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H1N2 Variant Virus Detected in Minnesota

September 7, 2012 -- The Minnesota Department of Health has reported detection of 3 infections with an influenza A H1N2 variant (“H1N2v”) virus with the pandemic M gene from the 2009 H1N1 virus. These cases were reportedly associated with prolonged contact with pigs at a fair. H1N2 viruses normally circulate in pigs, not people, but rare human infections with this virus have been detected in the past. This virus is different from the H3N2v virus that, as of today, is reported to have caused 296 human infections across 10 U.S. states since July 2012. These additional human infections underscore the fact that swine influenza viruses can spread to people after close contact with infected pigs, and support the importance of ongoing surveillance for both human and swine influenza viruses.

According to the state of Minnesota, each of the 3 people infected with the H1N2v virus had exhibited pig(s) or spent prolonged time with pig(s) at the Minnesota State Fair. Two of the three people had underlying health conditions that placed them at high risk of serious flu complications; one of the two people with high risk factors was hospitalized, highlighting again the importance of the CDC recommendation that people with high risk factors avoid close contact with pigs and pig arenas at fairs this season. All 3 people have recovered from their illnesses.

People who are at high risk of serious flu complications include children younger than 5 years, people 65 years and older, pregnant women, and people with certain long-term health conditions (like asthma and other lung disease, diabetes, heart disease, weakened immune systems, and neurological or neurodevelopmental conditions). A full list of high risk factors is available on the CDC seasonal flu site.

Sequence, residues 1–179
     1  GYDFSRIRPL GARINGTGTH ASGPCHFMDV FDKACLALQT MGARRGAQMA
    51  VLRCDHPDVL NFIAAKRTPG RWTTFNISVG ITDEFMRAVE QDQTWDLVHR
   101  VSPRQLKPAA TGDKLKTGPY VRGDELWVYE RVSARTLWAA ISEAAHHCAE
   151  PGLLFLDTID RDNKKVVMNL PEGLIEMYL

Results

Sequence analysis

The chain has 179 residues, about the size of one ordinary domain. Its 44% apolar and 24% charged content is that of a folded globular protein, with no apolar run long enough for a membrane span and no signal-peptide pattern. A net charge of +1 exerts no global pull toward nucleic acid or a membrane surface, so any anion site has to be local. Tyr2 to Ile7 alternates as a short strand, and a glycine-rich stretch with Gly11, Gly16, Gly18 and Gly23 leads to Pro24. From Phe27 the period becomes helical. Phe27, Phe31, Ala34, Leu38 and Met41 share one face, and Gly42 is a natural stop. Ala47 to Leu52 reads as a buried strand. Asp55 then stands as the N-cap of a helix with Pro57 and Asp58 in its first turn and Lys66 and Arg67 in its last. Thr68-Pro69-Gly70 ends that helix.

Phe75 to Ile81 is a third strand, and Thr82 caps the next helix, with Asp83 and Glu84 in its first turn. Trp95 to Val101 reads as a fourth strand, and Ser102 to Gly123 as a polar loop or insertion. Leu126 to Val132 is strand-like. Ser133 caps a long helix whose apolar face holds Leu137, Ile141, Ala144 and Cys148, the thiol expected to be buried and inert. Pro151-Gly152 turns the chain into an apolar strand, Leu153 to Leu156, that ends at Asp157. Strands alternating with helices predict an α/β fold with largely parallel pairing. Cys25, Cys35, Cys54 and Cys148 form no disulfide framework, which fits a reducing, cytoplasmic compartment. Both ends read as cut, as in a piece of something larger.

In addition to avoiding pigs and pig arenas at fairs this year, as always, people with high risk conditions who develop flu-like symptoms should seek prompt medical attention. The H1N2v virus should be susceptible to both currently recommended influenza antiviral drugs [oseltamivir (Tamiflu®) and zanamivir (Relenza®)].

CDC has confirmed the Minnesota samples as H1N2v viruses. Sequencing of the viruses indicates these H1N2 variant viruses are very similar to those found in humans previously; with the exception of the addition of the pandemic M gene. This is the first time this virus has included the M gene from the 2009 H1N1 pandemic virus when isolated from a person. Genetic analysis shows that the hemagglutinin (H) of this virus is similar to human seasonal influenza viruses that circulated in people as recently as 2007, so there would likely be protective immunity against this particular virus in the human population.

The University of Minnesota Veterinary Diagnostic Lab also isolated an H1N2 virus from swine sampled at the Minnesota State Fair. Sequencing at National Veterinary Services Laboratories in Ames, Iowa, confirmed that it matches the human isolates from Minnesota. According to the USDA Swine Influenza Surveillance program, very similar H1N2 viruses – also containing the pandemic M gene – have been found in pigs since early 2010 in Minnesota and a number of other U.S. states.

For more information about swine influenza, see Information on Swine Influenza/Variant Influenza Viruses.

For more information about variant influenza virus infections, see Swine Flu (Variant Influenza Viruses) in Humans.

For more information about H3N2v, see Influenza A (H3N2) Variant Virus Outbreaks.

For information to the last time an H1N2v virus was detected in the United States, see Have You Heard: CDC confirms two human infections with novel influenza viruses.

 

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